— Vivian (@vivokezetirado) November 6, 2022
The other joint overall winner was “the team around Kasibba”, which also won the gold award in the adult team of the year category. Part of the Camden integrated learning disability service in London, the team has spent six years battling to move Kasibba (not her real name) out of a mental health hospital.
‘Love, hope, anti-racism and persistence’
Kasibba, a black African woman who is autistic, had been inappropriately detained in a mental health hospital all of her adult life and a racist narrative had developed that she was dangerous, said the Social Work Awards.
However, in August, a judge decided she should return home, which the awards said was down to the “huge courage and determination of the multidisciplinary team around Kasibba, who have worked tirelessly for six years to achieve this outcome for her”.
After a clinical psychology assessment identified that Kasibba’s behaviours were linked to her sensory needs, the team were able to put together a plan for her independence.
The team’s work with Kasibba was initiated by the government’s named social work pilot, through which Camden council and Camden and Islington NHS Foundation Trust allocated a social worker to all people detained in hospital.
Following its award, the team was praised by Camden council’s director of adult social care, Jess McGregor:
Ever wondered what a team who bring love, hope, anti-racism and persistence to work look like? Here they are! The national social work awards think so too! ❤️? @mpratt969 @Georgia_Gould @CamdenCouncil @NHS_NCLICB @NCL_ICS @Alice_CamdenMH @annawrightwho @CI_NHS @1adass @clentonF https://t.co/QEF8SR9FPr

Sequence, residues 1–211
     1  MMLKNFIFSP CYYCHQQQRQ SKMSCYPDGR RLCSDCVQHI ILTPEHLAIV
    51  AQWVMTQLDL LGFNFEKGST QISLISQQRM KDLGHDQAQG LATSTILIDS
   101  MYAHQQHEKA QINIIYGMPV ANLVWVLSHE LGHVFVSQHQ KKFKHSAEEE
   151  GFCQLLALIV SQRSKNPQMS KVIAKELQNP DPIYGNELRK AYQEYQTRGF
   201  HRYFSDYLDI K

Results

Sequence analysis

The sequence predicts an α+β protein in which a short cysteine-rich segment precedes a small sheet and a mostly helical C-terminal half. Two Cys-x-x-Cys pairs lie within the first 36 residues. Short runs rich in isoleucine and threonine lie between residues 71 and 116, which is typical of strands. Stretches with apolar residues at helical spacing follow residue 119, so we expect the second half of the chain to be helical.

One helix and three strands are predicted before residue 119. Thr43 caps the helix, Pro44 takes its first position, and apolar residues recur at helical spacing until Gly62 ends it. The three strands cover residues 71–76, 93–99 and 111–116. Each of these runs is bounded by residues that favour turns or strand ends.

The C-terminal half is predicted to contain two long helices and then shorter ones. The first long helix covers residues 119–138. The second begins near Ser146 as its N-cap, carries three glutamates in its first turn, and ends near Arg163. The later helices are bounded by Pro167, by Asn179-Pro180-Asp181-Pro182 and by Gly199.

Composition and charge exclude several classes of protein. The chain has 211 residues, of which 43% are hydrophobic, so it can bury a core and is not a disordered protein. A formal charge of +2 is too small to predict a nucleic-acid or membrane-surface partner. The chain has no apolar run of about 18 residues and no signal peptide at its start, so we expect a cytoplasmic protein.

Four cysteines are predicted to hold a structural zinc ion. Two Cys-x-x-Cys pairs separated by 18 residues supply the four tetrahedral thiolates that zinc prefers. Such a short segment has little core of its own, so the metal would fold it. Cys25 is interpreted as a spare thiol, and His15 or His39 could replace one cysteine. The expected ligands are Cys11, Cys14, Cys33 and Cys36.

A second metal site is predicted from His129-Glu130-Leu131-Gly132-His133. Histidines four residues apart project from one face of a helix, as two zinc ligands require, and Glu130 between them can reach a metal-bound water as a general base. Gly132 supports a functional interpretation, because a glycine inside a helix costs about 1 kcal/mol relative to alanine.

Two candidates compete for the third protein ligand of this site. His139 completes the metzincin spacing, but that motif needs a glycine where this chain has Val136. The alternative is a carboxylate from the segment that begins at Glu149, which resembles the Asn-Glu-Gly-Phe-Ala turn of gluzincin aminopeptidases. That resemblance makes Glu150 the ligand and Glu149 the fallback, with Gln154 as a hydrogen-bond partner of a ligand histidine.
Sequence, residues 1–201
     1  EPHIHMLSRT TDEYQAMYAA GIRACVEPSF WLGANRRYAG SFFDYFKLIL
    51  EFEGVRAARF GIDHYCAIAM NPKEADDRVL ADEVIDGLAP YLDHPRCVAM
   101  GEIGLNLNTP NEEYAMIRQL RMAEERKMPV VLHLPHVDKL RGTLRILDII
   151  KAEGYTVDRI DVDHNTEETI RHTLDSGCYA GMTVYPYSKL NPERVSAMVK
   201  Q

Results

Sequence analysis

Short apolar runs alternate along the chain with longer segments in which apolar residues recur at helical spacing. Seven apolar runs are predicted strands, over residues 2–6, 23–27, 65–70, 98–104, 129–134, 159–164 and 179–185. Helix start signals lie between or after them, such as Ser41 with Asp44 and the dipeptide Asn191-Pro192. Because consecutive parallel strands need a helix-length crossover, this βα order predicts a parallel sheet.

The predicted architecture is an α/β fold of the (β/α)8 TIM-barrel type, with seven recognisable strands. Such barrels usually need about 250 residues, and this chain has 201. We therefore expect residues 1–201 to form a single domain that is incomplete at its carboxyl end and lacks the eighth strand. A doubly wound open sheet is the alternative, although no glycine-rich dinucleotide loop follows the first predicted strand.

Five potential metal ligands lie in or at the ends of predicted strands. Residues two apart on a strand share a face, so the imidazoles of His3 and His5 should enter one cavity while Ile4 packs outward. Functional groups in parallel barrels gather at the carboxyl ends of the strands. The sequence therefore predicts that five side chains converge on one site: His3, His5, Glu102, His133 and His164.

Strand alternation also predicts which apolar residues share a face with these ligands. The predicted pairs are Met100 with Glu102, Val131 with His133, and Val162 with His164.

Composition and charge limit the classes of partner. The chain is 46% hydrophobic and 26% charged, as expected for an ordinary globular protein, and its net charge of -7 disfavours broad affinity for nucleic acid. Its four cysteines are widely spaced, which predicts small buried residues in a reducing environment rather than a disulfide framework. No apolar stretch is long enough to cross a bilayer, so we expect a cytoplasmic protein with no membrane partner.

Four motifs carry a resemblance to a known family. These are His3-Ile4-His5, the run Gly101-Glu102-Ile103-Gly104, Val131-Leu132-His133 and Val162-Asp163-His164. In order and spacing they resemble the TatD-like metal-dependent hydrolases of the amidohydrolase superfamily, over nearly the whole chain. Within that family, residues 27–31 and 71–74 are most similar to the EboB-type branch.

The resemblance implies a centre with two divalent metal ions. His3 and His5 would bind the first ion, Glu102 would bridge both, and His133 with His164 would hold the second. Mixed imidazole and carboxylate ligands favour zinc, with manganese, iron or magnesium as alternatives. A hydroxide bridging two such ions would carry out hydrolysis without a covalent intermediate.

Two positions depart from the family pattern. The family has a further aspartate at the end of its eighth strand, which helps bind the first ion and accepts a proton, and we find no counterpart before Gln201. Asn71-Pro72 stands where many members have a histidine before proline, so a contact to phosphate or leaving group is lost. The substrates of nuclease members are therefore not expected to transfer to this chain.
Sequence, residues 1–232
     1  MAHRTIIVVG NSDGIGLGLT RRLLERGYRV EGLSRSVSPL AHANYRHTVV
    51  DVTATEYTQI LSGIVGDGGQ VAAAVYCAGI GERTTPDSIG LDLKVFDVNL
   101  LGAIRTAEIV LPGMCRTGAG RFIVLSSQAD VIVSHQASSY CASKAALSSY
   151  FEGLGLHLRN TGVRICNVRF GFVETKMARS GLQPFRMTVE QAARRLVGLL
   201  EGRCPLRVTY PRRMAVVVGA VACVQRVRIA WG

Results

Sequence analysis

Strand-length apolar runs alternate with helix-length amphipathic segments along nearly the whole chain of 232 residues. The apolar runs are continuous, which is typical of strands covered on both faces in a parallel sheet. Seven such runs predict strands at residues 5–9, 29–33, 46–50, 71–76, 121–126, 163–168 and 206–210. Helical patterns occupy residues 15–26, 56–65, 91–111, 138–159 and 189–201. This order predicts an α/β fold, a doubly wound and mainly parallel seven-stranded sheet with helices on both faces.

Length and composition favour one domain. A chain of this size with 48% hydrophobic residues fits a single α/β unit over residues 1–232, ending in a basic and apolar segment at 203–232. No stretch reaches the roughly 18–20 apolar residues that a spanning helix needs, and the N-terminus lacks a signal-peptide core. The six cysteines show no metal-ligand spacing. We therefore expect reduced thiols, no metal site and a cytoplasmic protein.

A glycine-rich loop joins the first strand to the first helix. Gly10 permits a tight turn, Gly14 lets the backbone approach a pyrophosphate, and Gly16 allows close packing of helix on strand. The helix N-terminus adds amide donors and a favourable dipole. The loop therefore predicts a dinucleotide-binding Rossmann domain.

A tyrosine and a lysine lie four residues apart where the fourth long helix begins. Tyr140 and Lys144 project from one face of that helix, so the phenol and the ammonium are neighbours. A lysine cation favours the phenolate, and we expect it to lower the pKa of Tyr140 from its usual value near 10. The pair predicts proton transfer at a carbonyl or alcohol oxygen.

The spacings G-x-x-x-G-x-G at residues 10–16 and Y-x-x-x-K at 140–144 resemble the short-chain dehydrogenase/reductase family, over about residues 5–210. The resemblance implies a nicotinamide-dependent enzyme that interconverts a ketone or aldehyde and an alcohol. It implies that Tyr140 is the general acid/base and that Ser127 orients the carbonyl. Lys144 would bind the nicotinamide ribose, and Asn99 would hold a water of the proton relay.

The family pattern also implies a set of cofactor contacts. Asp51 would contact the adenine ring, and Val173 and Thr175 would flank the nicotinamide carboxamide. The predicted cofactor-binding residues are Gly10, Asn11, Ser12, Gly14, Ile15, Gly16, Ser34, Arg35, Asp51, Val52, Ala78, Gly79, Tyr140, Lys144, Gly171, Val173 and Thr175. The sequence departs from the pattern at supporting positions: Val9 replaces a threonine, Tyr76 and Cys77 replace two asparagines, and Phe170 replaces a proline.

— jess mcgregor (@jessmcparrott) November 5, 2022
New awards for 2022
There were two new awards given out at this year’s ceremony, the first in-person event since 2019.
Devon council’s Charlotte Elliott picked up the gold award for supporting children in education, for her work in a secondary school. Through this she has championed a restorative and relational approach among staff, supported children to attend where they weren’t previously and encouraged them to pursue their ambitions, said the Social Work Awards.
And Hull council picked up the digital transformation gold award for two projects designed to highlight children’s experiences of the care system.
The first, a podcast, explored children’s often painful experiences of a change of social worker. It is being used for staff induction and has led to the development of practice standards for changes of practitioner.
The second, a short animated film created by children and families in the city, tells the story of a child waking up in care for the first time.
Who were the other gold award winners?
- Lifetime achievement: Sarah Lowe
- Children’s social worker of the year: Annmarie Nero, Achieving for Children
- Adult social worker of the year: Bhavna Maher, Leicester City Council
- Mental health social worker of the year: Tara Mitchell, Leeds and York NHS Partnership Foundation Trust
- Team leader of the year, children’s services: Cheryl Grazette, Hertfordshire County Council
- Team leader of the year, adult services: Lucy Hunt, Devon County Council
- Supportive Social Work Employer of the Year: children’s social care, Durham County Council
- Team of the year, children’s services: Families First Fostering
- Practice educator of the year: Carolyn Smith, Wakefield Council
- Newly qualified social worker of the year, children’s: Amy White, Essex County Council
- Newly qualified social worker of the year, adult: Helen Southgate, Suffolk County Council
- University of the year: University of Chester
- Student social worker of the year: Solomon Tugbiyele, Anglia Ruskin University